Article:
Dread Central has several new clips from the film. Some of them are short versions of the clips that were released about a month ago and others are new. You can check them out here. If you haven’t seen the one with Garret, it’s on the page for The Road.
The Wall Street Journal has an excellent interview with Cormac McCarthy and John Hillcoat, posted in two parts. I’m posting a few snippets below. To read the whole thing, follow the WSJ links. The Road opens in 10 days.
WSJ: When you first went to the film set, how did it compare with how you saw “The Road” in your head?
CM: I guess my notion of what was going on in “The Road” did not include 60 to 80 people and a bunch of cameras. [Director] Dick Pearce and I made a film in North Carolina about 30 years ago and I thought, “This is just hell. Who would do this?” Instead, I get up and have a cup of coffee and wander around and read a little bit, sit down and type a few words and look out the window.
WSJ: But is there something compelling about the collaborative process compared to the solitary job of writing?
CM: Yes, it would compel you to avoid it at all costs.
WSJ: When you discussed making “The Road” into a movie with John, did he press you on what had caused the disaster in the story?
CM: A lot of people ask me. I don’t have an opinion. At the Santa Fe Institute I’m with scientists of all disciplines, and some of them in geology said it looked like a meteor to them. But it could be anything—volcanic activity or it could be nuclear war. It is not really important. The whole thing now is, what do you do? The last time the caldera in Yellowstone blew, the entire North American continent was under about a foot of ash. People who’ve gone diving in Yellowstone Lake say that there is a bulge in the floor that is now about 100 feet high and the whole thing is just sort of pulsing. From different people you get different answers, but it could go in another three to four thousand years or it could go on Thursday. No one knows. (…)
WSJ: “The Road” is this love story between father and son, but they never say, “I love you.”
CM: No. I didn’t think that would add anything to the story at all. But a lot of the lines that are in there are verbatim conversations my son John and I had. I mean just that when I say that he’s the co-author of the book. A lot of the things that the kid [in the book] says are things that John said. John said, “Papa, what would you do if I died?” I said, “I’d want to die, too,” and he said, “So you could be with me?” I said, “Yes, so I could be with you.” Just a conversation that two guys would have. (…)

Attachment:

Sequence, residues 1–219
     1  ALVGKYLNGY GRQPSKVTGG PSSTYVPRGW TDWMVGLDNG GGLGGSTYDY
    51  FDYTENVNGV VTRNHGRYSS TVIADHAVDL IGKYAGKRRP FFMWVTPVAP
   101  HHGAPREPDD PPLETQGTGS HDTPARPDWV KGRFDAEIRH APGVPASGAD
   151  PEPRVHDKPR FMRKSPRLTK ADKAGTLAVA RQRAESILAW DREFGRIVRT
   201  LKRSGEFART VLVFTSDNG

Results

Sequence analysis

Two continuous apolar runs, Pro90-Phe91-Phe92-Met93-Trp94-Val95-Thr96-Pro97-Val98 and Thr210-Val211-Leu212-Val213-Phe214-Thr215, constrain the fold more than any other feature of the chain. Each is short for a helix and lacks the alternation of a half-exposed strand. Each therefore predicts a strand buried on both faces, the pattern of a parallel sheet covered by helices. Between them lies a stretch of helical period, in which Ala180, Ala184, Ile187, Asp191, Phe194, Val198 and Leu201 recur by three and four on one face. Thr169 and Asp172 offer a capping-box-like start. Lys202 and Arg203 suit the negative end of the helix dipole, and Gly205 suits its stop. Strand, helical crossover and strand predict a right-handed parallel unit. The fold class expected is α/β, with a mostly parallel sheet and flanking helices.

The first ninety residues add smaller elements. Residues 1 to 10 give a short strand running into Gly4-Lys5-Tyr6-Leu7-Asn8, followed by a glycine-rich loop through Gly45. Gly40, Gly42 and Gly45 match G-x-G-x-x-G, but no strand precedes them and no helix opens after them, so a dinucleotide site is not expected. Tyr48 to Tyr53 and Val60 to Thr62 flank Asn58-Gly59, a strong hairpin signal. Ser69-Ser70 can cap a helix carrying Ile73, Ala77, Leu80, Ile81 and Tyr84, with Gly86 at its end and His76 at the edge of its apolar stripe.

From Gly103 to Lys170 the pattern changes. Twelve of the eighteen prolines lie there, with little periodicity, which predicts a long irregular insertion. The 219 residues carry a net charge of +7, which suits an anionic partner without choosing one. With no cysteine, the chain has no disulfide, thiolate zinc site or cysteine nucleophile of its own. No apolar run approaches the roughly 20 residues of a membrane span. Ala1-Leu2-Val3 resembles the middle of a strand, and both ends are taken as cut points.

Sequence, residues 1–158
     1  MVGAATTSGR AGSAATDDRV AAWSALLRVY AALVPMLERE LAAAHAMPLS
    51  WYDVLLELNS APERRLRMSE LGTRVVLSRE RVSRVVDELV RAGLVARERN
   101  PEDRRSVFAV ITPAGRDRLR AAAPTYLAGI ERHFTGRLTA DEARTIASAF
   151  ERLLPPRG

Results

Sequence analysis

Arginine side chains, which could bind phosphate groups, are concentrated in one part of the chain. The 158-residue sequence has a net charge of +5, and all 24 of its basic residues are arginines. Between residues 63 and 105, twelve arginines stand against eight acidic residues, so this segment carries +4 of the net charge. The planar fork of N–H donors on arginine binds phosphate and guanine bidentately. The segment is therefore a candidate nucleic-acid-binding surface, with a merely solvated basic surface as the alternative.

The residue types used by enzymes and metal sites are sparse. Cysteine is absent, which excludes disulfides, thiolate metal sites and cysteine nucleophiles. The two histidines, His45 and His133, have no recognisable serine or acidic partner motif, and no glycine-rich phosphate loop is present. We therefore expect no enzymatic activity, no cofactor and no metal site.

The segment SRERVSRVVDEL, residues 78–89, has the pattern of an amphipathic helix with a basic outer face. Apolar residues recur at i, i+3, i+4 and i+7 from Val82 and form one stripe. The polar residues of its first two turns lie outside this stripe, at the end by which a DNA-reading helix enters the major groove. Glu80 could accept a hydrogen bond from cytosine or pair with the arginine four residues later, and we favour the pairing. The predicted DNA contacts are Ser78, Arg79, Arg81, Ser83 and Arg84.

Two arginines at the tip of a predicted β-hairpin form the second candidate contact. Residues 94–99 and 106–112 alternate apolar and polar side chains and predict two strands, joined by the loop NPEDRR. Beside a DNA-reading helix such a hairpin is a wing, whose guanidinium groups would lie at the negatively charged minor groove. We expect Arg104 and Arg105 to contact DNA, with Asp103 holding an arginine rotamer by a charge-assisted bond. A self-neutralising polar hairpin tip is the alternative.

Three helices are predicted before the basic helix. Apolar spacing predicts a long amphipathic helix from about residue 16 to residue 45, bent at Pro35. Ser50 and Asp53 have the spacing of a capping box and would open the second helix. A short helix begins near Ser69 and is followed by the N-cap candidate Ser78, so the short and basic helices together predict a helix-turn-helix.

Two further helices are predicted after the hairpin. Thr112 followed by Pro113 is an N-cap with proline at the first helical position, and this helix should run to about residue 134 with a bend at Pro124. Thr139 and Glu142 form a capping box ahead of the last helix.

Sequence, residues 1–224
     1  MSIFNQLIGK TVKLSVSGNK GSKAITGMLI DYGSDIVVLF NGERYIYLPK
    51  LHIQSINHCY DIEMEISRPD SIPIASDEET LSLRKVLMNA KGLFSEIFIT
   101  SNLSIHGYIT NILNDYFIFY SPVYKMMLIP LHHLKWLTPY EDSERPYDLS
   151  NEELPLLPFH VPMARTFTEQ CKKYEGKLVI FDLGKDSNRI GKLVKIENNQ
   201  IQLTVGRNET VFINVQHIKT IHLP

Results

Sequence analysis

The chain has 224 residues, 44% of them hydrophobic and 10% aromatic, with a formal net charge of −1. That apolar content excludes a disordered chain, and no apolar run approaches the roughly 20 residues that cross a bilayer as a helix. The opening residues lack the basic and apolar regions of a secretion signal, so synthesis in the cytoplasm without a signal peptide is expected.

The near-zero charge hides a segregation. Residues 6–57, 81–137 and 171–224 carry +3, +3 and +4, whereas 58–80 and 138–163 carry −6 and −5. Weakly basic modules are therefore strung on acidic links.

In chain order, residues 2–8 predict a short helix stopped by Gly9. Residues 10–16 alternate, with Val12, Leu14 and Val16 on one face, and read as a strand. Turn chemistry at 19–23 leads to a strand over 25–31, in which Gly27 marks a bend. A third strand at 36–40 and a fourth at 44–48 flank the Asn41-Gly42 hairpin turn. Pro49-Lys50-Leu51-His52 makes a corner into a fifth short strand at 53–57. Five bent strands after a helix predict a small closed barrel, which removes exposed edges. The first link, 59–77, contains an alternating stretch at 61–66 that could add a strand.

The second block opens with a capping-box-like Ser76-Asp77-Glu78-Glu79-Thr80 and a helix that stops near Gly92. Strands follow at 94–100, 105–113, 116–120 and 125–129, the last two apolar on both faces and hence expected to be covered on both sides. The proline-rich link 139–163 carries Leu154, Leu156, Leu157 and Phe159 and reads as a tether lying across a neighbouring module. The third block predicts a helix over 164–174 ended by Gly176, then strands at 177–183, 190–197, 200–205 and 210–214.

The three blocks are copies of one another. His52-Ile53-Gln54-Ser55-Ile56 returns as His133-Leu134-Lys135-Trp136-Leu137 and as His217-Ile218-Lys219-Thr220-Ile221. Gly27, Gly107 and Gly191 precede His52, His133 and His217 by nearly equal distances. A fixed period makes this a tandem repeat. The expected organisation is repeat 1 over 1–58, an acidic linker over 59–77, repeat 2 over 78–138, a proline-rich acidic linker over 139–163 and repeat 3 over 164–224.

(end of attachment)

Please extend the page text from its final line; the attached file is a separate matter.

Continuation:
WSJ: What was your relationship like with the Coen brothers on “No Country for Old Men“?
CM: We met and chatted a few times. I enjoyed their company. They’re smart and they’re very talented. Like John, they didn’t need any help from me to make a movie.
WSJ: “All the Pretty Horses” was also turned into a film [starring Matt Damon and Penelope Cruz]. Were you happy with the way it came out?
CM: It could’ve been better. As it stands today it could be cut and made into a pretty good movie. The director had the notion that he could put the entire book up on the screen. Well, you can’t do that. You have to pick out the story that you want to tell and put that on the screen. And so he made this four-hour film and then he found that if he was actually going to get it released, he would have to cut it down to two hours. (…)
WSJ: People have said “Blood Meridian” is unfilmable because of the sheer darkness and violence of the story.
CM: That’s all crap. The fact that’s it’s a bleak and bloody story has nothing to do with whether or not you can put it on the screen. That’s not the issue. The issue is it would be very difficult to do and would require someone with a bountiful imagination and a lot of balls. But the payoff could be extraordinary. (…)